12: Manasseh/Amon

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Lesson 12 — December 17, 2000


2 Kings 21; 2 Chronicles 33

Background Information:

The Scriptures tells us that Manasseh began ruling when he was twelve years old and ruled fifty-five years (697-642 BC; cf. 2 Kings 21:1). Students of Bible chronology inform us that Manasseh began ruling as a co-regent with his father, whose reign ended in 686 BC. This is very interesting given the fact that Hezekiah knew the year he would die, for the Lord at one point promised him an additional fifteen years of life (cf. 2 Kings 20:6). Perhaps in part it was because his heir was only a lad of nine years that Hezekiah pleaded all the more for an extension of his life (cf. 2 Kings 20:2-5). Unfortunately, as we shall observe the piety of Hezekiah was not repeated in the life of his son, nor in that of his grandson. It is said of Manasseh—"He has acted more wickedly than all the Amorites who were before him" (2 Kings 21:11). Amon, who succeeded his father and ruled for only two years before being assassinated, "forsook the LORD God of his fathers, and did not walk in the way of the LORD" (2 Kings 21:22).

It was the reigns of these two kings, which hardened God’s resolve to punish the Kingdom of Judah by allowing them to be taken into captivity. Although Josiah followed them and provided godly leadership once again (cf. Lesson 13), the people did not return to faithfulness. While this lesson will not be an happy one in terms of its subject matter, the unfaithfulness of men does point out the need for and meaning of God’s Christmas gift to us in the person of His Son, Jesus!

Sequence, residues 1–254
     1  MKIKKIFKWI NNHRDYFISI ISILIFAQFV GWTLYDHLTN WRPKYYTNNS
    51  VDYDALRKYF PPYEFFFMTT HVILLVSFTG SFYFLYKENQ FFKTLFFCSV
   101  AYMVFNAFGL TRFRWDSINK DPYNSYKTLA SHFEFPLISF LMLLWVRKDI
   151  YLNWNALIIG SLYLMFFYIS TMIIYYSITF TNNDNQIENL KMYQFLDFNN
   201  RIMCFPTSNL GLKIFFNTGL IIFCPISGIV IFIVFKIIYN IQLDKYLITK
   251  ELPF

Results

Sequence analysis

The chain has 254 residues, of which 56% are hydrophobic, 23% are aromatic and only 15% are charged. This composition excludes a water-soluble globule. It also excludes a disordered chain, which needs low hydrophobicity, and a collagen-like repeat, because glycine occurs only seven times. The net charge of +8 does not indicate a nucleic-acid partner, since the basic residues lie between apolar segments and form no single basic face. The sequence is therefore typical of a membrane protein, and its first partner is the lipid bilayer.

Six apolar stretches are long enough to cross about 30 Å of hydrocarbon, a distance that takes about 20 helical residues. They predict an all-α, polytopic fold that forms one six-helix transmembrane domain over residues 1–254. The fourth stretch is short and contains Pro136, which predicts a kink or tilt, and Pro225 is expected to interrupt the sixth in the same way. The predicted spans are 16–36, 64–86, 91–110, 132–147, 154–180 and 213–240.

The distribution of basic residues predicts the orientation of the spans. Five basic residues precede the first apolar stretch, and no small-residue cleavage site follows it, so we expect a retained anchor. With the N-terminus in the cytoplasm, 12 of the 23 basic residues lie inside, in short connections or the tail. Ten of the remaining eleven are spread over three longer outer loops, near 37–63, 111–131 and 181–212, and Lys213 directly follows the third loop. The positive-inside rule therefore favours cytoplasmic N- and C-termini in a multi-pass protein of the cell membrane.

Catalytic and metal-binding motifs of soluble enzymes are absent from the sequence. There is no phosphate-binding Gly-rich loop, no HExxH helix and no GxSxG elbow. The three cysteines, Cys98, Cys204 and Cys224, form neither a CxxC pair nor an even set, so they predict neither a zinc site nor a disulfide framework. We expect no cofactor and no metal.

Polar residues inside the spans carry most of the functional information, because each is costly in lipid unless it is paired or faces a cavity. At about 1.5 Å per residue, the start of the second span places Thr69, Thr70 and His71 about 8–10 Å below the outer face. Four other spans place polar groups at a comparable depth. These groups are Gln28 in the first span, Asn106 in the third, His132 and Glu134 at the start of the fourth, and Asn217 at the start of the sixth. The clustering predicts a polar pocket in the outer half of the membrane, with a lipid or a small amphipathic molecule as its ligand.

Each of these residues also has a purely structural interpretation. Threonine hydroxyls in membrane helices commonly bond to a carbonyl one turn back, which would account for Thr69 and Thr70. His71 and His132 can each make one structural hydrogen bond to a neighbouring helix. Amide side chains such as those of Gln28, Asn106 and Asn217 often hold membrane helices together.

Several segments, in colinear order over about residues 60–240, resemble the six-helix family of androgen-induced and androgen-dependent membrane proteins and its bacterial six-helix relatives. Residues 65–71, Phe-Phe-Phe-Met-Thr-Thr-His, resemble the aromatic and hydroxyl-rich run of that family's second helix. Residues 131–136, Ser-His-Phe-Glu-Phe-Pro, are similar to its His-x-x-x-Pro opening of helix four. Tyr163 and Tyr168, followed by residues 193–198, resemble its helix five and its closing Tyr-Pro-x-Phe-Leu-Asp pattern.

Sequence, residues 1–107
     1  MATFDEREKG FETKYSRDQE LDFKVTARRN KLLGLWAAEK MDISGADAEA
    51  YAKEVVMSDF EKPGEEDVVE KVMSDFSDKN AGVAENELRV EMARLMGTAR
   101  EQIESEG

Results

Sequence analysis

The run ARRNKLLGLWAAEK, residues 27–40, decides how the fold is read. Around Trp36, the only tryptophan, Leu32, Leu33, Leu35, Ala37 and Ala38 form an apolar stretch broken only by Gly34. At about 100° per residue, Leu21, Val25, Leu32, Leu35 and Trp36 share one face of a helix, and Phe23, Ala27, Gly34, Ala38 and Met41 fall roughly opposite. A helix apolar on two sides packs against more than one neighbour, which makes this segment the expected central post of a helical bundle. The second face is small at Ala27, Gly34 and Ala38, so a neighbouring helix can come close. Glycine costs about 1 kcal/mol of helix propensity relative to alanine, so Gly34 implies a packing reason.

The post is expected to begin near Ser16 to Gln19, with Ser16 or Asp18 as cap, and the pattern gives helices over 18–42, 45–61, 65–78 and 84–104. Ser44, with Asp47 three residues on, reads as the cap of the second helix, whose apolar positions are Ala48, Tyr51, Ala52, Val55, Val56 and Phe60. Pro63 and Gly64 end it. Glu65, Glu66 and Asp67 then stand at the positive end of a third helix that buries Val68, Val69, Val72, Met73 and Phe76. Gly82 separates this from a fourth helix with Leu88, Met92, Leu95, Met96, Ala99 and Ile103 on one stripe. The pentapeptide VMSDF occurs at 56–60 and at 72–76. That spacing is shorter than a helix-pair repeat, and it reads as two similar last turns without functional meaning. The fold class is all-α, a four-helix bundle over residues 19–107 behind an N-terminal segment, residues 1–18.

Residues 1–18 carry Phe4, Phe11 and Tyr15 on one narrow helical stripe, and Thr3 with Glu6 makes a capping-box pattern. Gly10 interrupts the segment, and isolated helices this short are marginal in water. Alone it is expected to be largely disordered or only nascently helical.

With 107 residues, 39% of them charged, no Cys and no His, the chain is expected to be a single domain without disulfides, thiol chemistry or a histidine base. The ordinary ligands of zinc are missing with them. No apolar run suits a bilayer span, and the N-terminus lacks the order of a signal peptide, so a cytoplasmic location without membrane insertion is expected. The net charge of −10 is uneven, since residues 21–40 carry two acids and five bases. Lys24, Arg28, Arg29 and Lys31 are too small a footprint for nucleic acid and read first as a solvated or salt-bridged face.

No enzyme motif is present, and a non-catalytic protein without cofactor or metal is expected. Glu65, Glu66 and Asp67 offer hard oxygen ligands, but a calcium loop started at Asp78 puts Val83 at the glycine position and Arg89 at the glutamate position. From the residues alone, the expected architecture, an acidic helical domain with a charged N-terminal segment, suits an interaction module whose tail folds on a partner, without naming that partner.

Manasseh’s Wickedness: Read 2 Kings 21:2-7a

  • Note the extent of the false religious practices embraced by Manasseh—
    • He rebuilt the high places;
    • He raised up altars to Baal;
    • He made a wooden image;
    • He worshipped and served the host of heaven;
    • He built altars to idols and placed them in the temple courts;
    • He built an image of Asherah and placed it in the temple sanctuary;
    • He caused his son to "pass through fire";
    • He practiced soothsaying, witchcraft, and consulted mediums.

The LORD’s response: Read 2 Kings 21:7b-15

  • Note the condition of God’s continued blessing and the extent of His condemnation of Judah’s unfaithfulness—
    • He would continue to bless them "if they (were) careful to do according to all that I have commanded them";
    • He promised a judgment, which would make anyone’s ears who heard of it tingle;
    • He would wipe Jerusalem "as one wipes a dish…turning it upside down";
    • He would "deliver them into the hand of their enemies."

The Record of Manasseh’s End: Read 1 Kings 21:16-18; 2 Chronicles 33:10-17

  • Note the stark description of Manasseh’s end in 1 Kings—
    • He died and his wickedness was recounted in the book of the kings.
  • Note the factors surrounding Manasseh’s spiritual restoration—
    • God permits Manasseh to be taken into captivity, during which time he humbled himself before God;
    • God heard Manasseh’s prayer and restored him to power;
    • He removed the idols and their altars from the temple sanctuary and entire temple area;
    • He reestablished the one, true worship and urged his people to follow the LORD.
  • Note the lack of impact Manasseh’s repentance had on the people of Judah—
    • The people still sacrificed on the high places, although to the LORD.


Amon’s History: Read 2 Chronicles 33:21-25

  • Note the sad state of Amon’s spiritual life and its result—
    • He reigned only two years;
    • He reestablished much of the idol worship of his father;
    • He was assassinated by his servants.


The Bible tells us that it is written for our learning (cf. Romans 15:4). What can we learn from the lives and experiences of these two kings of Judah? What can we learn about the effect of their lives on those of others and upon the national life of God’s people as a whole? What insight do their lives offer to our consideration and celebration of Christmas?